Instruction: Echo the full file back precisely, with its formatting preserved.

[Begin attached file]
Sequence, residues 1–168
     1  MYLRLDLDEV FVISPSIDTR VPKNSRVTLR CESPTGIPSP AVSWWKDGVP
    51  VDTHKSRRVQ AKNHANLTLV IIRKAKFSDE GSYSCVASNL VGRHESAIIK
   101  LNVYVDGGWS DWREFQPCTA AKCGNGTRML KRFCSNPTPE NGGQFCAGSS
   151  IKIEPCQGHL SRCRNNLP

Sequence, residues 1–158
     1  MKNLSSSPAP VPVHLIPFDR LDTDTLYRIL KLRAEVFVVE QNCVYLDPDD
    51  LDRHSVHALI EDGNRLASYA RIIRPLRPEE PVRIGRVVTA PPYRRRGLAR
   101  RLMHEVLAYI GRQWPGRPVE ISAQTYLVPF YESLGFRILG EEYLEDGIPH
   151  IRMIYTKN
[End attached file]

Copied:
Sequence, residues 1–168
     1  MYLRLDLDEV FVISPSIDTR VPKNSRVTLR CESPTGIPSP AVSWWKDGVP
    51  VDTHKSRRVQ AKNHANLTLV IIRKAKFSDE GSYSCVASNL VGRHESAIIK
   101  LNVYVDGGWS DWREFQPCTA AKCGNGTRML KRFCSNPTPE NGGQFCAGSS
   151  IKIEPCQGHL SRCRNNLP

Sequence, residues 1–158
     1  MKNLSSSPAP VPVHLIPFDR LDTDTLYRIL KLRAEVFVVE QNCVYLDPDD
    51  LDRHSVHALI EDGNRLASYA RIIRPLRPEE PVRIGRVVTA PPYRRRGLAR
   101  RLMHEVLAYI GRQWPGRPVE ISAQTYLVPF YESLGFRILG EEYLEDGIPH
   151  IRMIYTKN